Gonul Paksoy is a Turkish icon. She collects antique Anatolian textiles and Ottoman embroidery and stitches them into clothes and carries a fabulous selection of cookbooks, as well as antique Ottoman towels that she hand-dyes. She has two stores in Tesvikiye, across the street from each other—one for clothes, one for accessories. Aytiye Sokak No. 6A; (90) 212-261-90-81.

For contemporary fashion inspired by old Turkish garments, I love Art Butik in Tesvikiye. I’ve bought caftans and Ottoman-style pants there. The pieces are modern interpretations of ancient styles.” Ihlamur Yolu, Nur Apt. No. 5; (90) 212-225-94-56.

All the locals shop at Beymen, a luxury department store in Nisantasi. The company recently opened a home spin-off nearby, which carries all the best Turkish brands, like Gaia & Gino and Vakko.” Abdi Ipekci Caddesi No.23/1;

Örge Tulga’s necklaces and brooches are a beautiful mix of ancient and modern inspirations. Some of her work is also for sale at Sofa Art & Antiques. Sultanahmet; Nuruosmaniye Caddesi, Alibaba Turbesi Sokak, Feyzullah Han No. 21/22; (90) 212-519-51-75;

Midnight Express: Young Turkish designers. Küçük Bebek Caddesi, 7A Bebek, Istanbul, 90 212 265 4547.

Arzu Kaprol: Contemporary Turkish clothing designer.  Abdi Ipekci Cad. 34, Niºantaºi, Istanbul (90) 212-225-0129.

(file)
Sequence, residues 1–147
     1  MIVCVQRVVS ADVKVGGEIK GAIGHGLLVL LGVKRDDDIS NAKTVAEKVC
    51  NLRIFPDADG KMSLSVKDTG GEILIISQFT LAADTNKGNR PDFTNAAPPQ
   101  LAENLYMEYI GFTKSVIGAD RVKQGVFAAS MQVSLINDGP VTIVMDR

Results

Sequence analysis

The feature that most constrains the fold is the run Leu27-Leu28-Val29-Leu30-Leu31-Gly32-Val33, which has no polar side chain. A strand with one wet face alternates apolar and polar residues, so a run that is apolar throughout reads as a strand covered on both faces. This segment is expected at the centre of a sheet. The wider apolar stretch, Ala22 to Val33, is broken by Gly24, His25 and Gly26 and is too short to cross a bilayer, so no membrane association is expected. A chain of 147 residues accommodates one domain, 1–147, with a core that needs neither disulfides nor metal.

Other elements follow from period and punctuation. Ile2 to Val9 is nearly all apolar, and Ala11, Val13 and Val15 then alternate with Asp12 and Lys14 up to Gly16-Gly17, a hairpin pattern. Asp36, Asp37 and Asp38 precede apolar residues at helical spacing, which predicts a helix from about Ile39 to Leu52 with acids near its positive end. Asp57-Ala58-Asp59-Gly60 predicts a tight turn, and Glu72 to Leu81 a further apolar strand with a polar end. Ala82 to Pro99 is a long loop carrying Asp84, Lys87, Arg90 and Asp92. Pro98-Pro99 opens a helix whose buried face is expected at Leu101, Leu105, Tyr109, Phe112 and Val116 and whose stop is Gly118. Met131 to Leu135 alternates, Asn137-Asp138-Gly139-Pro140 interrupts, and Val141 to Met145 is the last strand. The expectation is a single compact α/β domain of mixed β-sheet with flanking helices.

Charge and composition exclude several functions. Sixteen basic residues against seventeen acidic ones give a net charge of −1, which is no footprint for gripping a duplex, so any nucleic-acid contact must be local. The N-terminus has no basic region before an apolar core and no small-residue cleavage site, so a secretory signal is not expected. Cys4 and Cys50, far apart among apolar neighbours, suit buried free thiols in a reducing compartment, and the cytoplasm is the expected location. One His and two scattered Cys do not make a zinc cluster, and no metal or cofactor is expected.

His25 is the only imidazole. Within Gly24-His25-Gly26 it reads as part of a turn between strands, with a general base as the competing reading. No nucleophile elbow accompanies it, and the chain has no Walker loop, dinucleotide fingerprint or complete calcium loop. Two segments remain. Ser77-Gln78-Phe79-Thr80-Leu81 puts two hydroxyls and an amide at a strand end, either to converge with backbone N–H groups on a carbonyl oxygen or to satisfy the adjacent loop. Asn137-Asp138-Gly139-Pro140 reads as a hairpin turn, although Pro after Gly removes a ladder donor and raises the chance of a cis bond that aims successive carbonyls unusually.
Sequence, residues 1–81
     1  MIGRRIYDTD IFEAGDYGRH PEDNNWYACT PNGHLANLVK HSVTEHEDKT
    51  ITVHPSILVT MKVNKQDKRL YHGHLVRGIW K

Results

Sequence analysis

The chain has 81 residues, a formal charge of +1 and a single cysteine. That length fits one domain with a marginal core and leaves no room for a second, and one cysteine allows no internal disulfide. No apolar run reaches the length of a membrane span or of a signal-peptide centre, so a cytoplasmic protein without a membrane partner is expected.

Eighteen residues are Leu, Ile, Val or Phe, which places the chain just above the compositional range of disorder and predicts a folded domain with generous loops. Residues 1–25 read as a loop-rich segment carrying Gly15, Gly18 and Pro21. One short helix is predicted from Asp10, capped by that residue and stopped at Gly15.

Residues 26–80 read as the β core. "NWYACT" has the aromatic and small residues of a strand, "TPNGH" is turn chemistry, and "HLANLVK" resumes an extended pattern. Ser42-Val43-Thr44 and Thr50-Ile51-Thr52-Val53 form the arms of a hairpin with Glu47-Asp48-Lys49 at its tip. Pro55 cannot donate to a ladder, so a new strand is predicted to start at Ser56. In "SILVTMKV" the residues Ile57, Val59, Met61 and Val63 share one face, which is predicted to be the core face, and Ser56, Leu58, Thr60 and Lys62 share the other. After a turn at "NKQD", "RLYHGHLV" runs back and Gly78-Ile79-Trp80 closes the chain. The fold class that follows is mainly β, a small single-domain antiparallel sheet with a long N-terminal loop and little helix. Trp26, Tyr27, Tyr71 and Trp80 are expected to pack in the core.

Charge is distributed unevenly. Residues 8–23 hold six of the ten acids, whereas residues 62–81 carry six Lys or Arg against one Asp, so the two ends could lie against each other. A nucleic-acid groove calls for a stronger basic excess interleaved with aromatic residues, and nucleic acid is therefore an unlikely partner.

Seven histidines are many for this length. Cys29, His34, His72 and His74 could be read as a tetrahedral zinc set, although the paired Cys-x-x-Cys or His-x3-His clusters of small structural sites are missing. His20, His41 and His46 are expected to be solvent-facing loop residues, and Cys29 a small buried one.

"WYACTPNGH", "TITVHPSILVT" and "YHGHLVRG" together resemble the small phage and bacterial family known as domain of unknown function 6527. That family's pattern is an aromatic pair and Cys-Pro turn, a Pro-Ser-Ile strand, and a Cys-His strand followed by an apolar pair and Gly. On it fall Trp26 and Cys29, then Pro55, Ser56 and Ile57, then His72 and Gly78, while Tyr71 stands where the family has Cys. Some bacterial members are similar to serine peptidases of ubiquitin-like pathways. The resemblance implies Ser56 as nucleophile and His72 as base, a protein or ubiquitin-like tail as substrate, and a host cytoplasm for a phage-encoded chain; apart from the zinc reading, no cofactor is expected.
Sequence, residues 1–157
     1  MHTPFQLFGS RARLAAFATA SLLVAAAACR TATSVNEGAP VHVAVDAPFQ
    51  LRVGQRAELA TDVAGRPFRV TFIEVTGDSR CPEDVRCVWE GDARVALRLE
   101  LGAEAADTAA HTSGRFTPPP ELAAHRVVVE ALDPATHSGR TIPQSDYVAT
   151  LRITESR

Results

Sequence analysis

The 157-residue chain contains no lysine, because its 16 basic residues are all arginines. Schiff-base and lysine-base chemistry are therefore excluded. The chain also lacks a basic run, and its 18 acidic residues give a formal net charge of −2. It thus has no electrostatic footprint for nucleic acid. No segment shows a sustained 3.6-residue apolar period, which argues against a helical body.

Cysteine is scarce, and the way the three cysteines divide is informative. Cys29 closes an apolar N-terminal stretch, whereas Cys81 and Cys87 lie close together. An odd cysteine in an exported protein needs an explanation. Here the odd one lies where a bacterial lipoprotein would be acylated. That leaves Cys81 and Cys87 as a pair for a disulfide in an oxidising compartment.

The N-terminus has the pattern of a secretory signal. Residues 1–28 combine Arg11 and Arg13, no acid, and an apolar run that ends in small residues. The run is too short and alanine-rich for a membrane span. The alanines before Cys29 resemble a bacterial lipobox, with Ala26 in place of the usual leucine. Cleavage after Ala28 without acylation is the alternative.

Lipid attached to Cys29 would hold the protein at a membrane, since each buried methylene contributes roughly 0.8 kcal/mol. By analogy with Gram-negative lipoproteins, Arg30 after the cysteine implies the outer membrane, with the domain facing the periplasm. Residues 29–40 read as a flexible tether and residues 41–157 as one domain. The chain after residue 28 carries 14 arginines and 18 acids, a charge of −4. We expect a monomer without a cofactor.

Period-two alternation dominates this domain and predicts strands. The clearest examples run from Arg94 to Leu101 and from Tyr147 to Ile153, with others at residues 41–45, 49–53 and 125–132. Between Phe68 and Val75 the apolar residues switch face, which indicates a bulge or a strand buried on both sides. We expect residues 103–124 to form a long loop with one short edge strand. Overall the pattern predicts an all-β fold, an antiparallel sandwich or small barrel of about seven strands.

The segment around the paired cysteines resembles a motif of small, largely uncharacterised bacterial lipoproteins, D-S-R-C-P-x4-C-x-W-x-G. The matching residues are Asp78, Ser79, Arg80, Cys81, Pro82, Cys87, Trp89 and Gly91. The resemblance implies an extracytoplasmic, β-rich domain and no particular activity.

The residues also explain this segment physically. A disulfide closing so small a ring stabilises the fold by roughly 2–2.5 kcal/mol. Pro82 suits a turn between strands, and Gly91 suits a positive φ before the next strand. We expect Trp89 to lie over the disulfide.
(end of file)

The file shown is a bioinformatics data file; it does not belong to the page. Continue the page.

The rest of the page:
Sevan Bicakci: This shop has exquisite jewelry worn by the most elegant women in Istanbul - in Grand Bazaar.  Molla Fenari Mah.
Gazi Sinan Pasa Sok.
Kutlu Han 14
34440 Istanbul

Beautiful apparel and accessories made from antique Ottoman textiles. Just opposite this studio, she sells one-of-a-kind ethnic-inspired jewelry pieces, as well as richly detailed. necklaces designed from old beads. Atiye Butik No.6, Tesvikiye.

Yael Mesulam Manzakoglu studied at Parsons in New York before returning to Istanbul and launching EV+, a collection of beautiful linens. Her work is quite refined, including delicate linen nightgowns and terry cloth towels with embroidery based on ancient Iznik tiles. You will not find these anywhere else in the world. The boutique is located in Nisantasi. Ihlamur Yolu, Albayrak Apt. No. 9/3; (90) 212-232-17-58.

Hall is a very well crafted contemporary design furniture store. I love their eye on contemporary style. Fresh. Faik Pasa Yokusu no. 6, Cukurcuma, Istanbul, 90-212-292-9590

Cocoon. The owner, Sheref, has a fabulous eye for antique textiles.
Arasta Bazaar. No. 93 34400
Sultanahmet Istanbul, Turkey
: 0090(212)6383330 and 0090(212)5180338.

Tulu, a home accessories store, has beautiful bedding designed by ex-pat Elizabeth Hewitt. You can also find a wonderful selection of vintage Uzbekistan dishes; the best I’ve seen.
Binbirdirek mah. ucler sok no.9/1
Sultanahmet Istanbul

A La Turca: I visit this place for home accessories. Original, contemporary and fresh eye.
Faikpaºa 4, Çukurcuma
©stanbul, Beyoglu
Phone: +90.-212/245 2933.

Yastik by Rifat Ozbek: Fashion designer Rifat Ozbek has opened his own shop selling pillows crafted from ethnic fabrics. Brilliant.  Sakayik Sok. Olcay Apt. No:13/1, Tesvikiye Sisli and Nisantasi, Istanbul, 90-212-2408731.